Monday 21 January 2019

'Journalist said O'Sullivan was source of McCabe slur'

Journalist Alison O’Reilly arrives at the tribunal in Dublin Castle. Photo: Stephen Collins
Journalist Alison O’Reilly arrives at the tribunal in Dublin Castle. Photo: Stephen Collins
Shane Phelan

Shane Phelan

A journalist has alleged a colleague told her that former Garda commissioner Nóirín O'Sullivan was the source of information that led her to believe whistleblower Maurice McCabe was a paedophile.

'Irish Daily Mail' journalist Alison O'Reilly told the Disclosures Tribunal her colleague Debbie McCann claimed to have been briefed by both Ms O'Sullivan and former Garda press officer Supt Dave Taylor.

The tribunal heard Ms O'Reilly's disclosure of this allegation to Labour Party leader Brendan Howlin prompted him to tell the Dáil in February 2017 he had been contacted by a journalist with direct knowledge of calls made by Ms O'Sullivan during which she made serious allegations of sexual crimes about Sgt McCabe.

It was the first time Ms O'Sullivan was directly linked to the briefing of journalists as part of an alleged smear campaign.

Although she did not have specific dates, Ms O'Reilly gave details of a number of conversations in 2013 and 2014 where, she alleges, Ms McCann expressed the view that Sgt McCabe had abused a child.

One conversation is alleged to have taken place around the time the names of prominent individuals appeared in the media for having penalty points quashed.

She said Ms McCann, whose father was a senior garda, told her she had had points quashed and was concerned her name would end up in the papers.

When the conversation turned to Sgt McCabe, Ms O'Reilly said Ms McCann told her he had abused a child who was now an adult. "She said everybody knows. All the guards know," said Ms O'Reilly.

Ms O'Reilly said that, during another conversation, she asked Ms McCann where she was getting her information. "She said the gardaí, she said someone up high in the gardaí, she said Dave Taylor, she said Nóirín O'Sullivan," said Ms O'Reilly.

On a further occasion, Ms O'Reilly said Ms McCann told her the information was coming from "the top".

"I just said 'who did you hear this from, your pal Nóirín?' She said 'yes'," Ms O'Reilly said.

Ms O'Sullivan has denied ever speaking to Ms McCann about Sgt McCabe. Ms McCann is due to give evidence in the coming weeks.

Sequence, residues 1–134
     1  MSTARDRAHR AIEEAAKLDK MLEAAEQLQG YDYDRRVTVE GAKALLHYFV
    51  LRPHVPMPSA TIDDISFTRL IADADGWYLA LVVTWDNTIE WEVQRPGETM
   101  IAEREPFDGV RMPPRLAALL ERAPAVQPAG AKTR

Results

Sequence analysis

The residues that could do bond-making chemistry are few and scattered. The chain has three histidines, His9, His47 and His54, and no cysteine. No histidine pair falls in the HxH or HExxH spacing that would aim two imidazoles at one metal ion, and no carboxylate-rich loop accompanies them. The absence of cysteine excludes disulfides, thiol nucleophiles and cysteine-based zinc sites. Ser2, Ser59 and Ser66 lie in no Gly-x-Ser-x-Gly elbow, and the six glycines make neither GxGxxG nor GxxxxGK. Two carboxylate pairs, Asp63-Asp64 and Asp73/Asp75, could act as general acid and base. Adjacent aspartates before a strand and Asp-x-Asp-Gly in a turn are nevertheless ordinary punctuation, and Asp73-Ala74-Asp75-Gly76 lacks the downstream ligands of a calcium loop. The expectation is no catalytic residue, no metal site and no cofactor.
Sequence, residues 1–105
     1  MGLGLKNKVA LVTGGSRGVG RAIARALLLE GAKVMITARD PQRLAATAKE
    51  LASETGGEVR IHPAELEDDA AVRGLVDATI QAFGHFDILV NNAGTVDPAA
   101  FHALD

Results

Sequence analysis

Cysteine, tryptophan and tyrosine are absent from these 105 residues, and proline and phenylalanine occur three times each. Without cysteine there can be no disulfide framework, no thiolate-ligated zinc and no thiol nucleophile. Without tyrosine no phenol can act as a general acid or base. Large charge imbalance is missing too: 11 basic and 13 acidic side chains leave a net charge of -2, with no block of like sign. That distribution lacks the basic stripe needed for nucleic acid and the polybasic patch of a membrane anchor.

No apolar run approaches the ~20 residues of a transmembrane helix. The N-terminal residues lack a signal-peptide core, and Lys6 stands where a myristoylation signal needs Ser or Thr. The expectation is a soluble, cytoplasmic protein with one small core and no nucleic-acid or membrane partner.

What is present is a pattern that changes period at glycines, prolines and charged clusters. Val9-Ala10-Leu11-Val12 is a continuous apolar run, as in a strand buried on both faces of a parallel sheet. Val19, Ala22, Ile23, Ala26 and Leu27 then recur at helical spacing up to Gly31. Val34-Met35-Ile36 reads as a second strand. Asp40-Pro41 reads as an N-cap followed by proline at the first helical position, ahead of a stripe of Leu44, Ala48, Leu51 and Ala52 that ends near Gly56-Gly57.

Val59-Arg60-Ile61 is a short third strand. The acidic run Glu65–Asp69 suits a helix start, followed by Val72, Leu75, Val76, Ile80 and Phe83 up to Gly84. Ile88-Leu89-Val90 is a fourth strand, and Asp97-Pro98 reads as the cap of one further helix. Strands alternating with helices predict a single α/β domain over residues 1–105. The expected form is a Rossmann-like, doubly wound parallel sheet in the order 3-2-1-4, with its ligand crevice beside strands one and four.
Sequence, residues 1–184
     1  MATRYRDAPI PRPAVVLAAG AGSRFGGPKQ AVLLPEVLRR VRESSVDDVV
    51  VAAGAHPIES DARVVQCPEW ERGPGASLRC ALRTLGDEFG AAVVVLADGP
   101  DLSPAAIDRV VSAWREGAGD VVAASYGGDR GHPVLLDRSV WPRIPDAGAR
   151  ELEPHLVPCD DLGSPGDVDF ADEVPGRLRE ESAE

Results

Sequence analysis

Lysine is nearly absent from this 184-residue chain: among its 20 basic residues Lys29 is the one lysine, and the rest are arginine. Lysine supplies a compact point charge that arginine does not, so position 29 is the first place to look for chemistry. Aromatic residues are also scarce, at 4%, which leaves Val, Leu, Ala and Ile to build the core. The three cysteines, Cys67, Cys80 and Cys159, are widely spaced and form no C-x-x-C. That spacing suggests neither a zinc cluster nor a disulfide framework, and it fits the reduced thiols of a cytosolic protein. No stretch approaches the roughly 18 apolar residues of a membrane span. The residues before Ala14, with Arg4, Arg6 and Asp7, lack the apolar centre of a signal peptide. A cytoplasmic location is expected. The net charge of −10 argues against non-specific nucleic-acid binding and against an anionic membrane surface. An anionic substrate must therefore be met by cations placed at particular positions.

Supt Taylor has identified Ms McCann as one of 11 journalists he claims to have briefed negatively about Sgt McCabe.

Ms O'Reilly said that some time in early 2014, Ms McCann got the name and address of Ms D, the woman who made the allegation against Sgt McCabe and travelled to her home with the intention of interviewing her. No article was published.

She said Ms McCann told her she had spoken to Ms D for about an hour, that the now adult complainant had gone into detail about the alleged sexual assault, and that they were still in touch.

The tribunal heard that this is disputed by Ms McCann and Ms D's family.

Ms D's mother has previously given evidence that Ms McCann came to the door but left after a few minutes and no interview was given.

Sgt McCabe was cleared of Ms D's allegations in 2007.

Ms O'Reilly said Ms McCann was totally believable and very convincing in her account of Ms D's story. She said Ms McCann either "wasn't telling the truth then or isn't now".

"I can only tell you what she told me," she added.

Ms O'Reilly accepted she was involved in a dispute with her employers about another workplace matter, but said this had no bearing on her allegation.

"Just because I am taking a legal case against my employers, which everybody knows about anyway, doesn't mean that my statement to the tribunal is not correct," she said.

Earlier, former Irish Independent journalist Gemma O'Doherty said she believed an alleged smear campaign against Sgt McCabe intensified after she published an article in April 2013 about Mr Callinan having his penalty points quashed.

She also said she believed pressure brought to bear by former Garda commissioner Martin Callinan resulted in her dismissal from the newspaper.

Her evidence was disputed by counsel for An Garda Síochána Micheál P O'Higgins, who put it to her there was a pattern of her making allegations that were "unfounded and quite wild".

Ms O'Doherty rejected this.

Irish Independent

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